Tension in neck?

Discussion in 'Trumpet Discussion' started by Myshilohmy, Jun 13, 2010.

  1. Myshilohmy

    Myshilohmy Pianissimo User

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    Jan 6, 2009
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    So I want to start taking lessons again after taking a break but I can't until I get a job. That might be a while now since a lot of college kids are back in town and have taken a bunch of jobs. I just graduated high school and am not going to college this coming year, but I want to continue playing and I figured now is a great time to sort out some problems I have playing.

    My main problem is tension in my neck and sometimes embochure. Whenever I notice I'm using pressure I use one hand for a bit to help a little. One of the brass guys in drum corps told me instead of thinking 'breathe dah' to think 'bra dah' because when you think 'breathe' your tongue raises and can get in the way or something like that. I've tried using these syllables when I play and I think it helps, but I still have tension in my neck. He also says when I notice tension I need to breathe more. I always have tension in my neck though, what can I visualize to help minimize that on my own since I can't get a private teacher just yet?
     
  2. rowuk

    rowuk Moderator Staff Member

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    Thank you for an optimally written post! You have looked at the situation, given us some stuff to go on and have made it clear that you are looking for solid basics not a shortcut.

    I don't believe that your main problem is tension in your neck. I think that is a symptom of something else.

    My guess is that your brain is not turned on before you start to breathe. Your breathing is rushed because of this and not relaxed. Tension creeps in to compensate for your lack of support (otherwise you would probably play flat).

    My offering for a solution is called the circle of breath and I think that I told you about this before. Envision your breathing as a big circle - the left side is inhale, the top is a smooth transition to "exhale/play" and the right side is playing. At the bottom there is a smooth transition to inhale again. I start my students with long tones and this circle of breath. They "exhale the notes". Taking a half circle to inhale deeply but in a relaxed manner. They play those long tones with NO TONGUING - ONLY AN EXHALE! Once this is down, we move to lip slurs the same way. Eliminating the tongue means that our breath support must be able to sustain the tone without the help of tension. This exercize is part of the daily routine. In lessons, I check up on it every week. I can't think of a more significant exercize.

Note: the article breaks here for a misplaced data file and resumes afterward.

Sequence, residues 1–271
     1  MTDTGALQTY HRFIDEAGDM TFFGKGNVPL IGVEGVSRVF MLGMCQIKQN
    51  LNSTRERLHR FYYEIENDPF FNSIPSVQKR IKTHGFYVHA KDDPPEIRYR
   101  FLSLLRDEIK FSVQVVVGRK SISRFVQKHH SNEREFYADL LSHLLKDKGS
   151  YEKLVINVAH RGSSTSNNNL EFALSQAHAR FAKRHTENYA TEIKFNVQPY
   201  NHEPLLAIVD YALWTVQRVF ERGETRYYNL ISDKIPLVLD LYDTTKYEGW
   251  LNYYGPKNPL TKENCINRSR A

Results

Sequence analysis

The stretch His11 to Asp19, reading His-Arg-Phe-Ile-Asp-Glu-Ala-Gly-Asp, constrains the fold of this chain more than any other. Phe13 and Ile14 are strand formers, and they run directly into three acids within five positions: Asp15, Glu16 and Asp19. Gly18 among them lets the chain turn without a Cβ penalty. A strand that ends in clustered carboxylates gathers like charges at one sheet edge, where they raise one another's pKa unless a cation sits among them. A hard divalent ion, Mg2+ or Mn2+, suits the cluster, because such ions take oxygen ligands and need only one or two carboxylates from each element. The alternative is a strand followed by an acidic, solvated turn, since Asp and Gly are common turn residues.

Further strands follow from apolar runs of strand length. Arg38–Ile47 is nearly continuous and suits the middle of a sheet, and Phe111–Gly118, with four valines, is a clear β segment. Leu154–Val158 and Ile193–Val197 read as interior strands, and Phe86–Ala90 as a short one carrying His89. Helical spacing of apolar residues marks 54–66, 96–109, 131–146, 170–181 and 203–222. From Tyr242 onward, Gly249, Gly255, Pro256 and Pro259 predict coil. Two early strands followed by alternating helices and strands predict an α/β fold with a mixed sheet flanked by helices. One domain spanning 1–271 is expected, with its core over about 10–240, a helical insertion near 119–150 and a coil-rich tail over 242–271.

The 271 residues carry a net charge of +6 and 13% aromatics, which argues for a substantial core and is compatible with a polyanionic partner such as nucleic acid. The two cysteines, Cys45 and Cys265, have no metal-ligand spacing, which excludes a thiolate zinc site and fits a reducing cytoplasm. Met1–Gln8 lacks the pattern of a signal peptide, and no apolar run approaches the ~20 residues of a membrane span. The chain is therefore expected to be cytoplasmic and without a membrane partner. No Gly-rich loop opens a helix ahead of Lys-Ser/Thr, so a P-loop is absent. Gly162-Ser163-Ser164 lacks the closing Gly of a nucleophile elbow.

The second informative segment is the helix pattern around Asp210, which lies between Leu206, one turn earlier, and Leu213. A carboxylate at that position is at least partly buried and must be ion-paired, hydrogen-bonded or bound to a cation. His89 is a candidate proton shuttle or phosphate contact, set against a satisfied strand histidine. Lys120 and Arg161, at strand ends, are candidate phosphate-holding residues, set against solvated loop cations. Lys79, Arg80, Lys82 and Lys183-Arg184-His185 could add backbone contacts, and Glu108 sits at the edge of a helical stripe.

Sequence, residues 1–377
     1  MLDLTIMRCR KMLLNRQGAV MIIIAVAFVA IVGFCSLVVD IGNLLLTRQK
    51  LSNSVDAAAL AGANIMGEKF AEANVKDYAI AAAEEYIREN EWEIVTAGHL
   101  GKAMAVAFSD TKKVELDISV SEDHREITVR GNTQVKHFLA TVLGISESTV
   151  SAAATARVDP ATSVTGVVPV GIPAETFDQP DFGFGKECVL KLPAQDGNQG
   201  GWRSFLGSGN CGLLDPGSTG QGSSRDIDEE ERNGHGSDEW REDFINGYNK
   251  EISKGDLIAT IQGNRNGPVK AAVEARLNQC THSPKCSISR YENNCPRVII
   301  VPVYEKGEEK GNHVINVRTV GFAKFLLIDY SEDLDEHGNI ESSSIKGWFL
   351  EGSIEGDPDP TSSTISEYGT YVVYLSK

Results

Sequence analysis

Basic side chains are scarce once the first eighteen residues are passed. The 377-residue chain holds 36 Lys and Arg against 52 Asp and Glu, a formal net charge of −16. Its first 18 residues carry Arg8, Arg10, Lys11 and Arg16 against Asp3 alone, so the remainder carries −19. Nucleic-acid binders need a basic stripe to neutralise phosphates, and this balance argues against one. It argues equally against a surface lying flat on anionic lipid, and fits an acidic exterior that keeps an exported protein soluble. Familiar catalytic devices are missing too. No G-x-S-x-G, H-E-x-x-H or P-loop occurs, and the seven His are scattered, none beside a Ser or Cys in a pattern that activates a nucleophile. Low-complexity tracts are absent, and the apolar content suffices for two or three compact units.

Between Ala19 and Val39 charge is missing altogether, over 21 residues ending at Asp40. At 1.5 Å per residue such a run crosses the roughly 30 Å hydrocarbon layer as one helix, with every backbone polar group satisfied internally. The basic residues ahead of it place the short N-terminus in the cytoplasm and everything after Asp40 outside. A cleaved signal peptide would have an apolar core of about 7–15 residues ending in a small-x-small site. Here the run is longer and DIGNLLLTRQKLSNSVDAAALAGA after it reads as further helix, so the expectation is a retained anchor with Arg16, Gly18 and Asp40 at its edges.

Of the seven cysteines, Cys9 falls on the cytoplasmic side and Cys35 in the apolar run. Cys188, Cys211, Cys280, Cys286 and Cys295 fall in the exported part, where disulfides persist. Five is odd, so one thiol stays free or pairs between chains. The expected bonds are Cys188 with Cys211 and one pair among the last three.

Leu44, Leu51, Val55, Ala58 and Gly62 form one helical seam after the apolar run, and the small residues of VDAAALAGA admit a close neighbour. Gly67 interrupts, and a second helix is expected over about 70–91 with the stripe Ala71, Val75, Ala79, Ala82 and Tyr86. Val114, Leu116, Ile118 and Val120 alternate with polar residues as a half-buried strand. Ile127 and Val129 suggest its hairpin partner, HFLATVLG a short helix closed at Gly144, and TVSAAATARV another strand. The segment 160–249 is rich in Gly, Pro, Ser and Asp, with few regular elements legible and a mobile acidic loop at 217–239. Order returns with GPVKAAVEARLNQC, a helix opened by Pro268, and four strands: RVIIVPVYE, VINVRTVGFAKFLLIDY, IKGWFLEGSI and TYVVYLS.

When my students get in a situation like yours, we return to the basics. Eliminate the tongue to get the focus back on breath. Then we add the tongue, not with a Dah, rather a Toooh. The articulation has to be extremely light and infinitely fast and a T uses a smaller area of the tongue than a D, ooh lets the air flow much more easily than an ah where the tongue is higher in the mouth.

    Get the tension out. Take a glass of tap water into the practice room. When you notice tension, stop and take a sip. I don't know why, but it seems to ALWAYS work.

    Good luck!
     
  3. Ric232

    Ric232 Pianissimo User

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    Maybe it's what you're sipping? Care to share?

    Seriously though, I like the circle of breath concept and I try to use it in my practice. I have a question, however. When you're playing actual songs, how do you apply the "circle" (and the associated smooth transitions) when you have places where you need to take a quick, large breath? I don't mean to hijack the thread. I think this is a question that could help everyone, including the OP.
     
  4. Markie

    Markie Forte User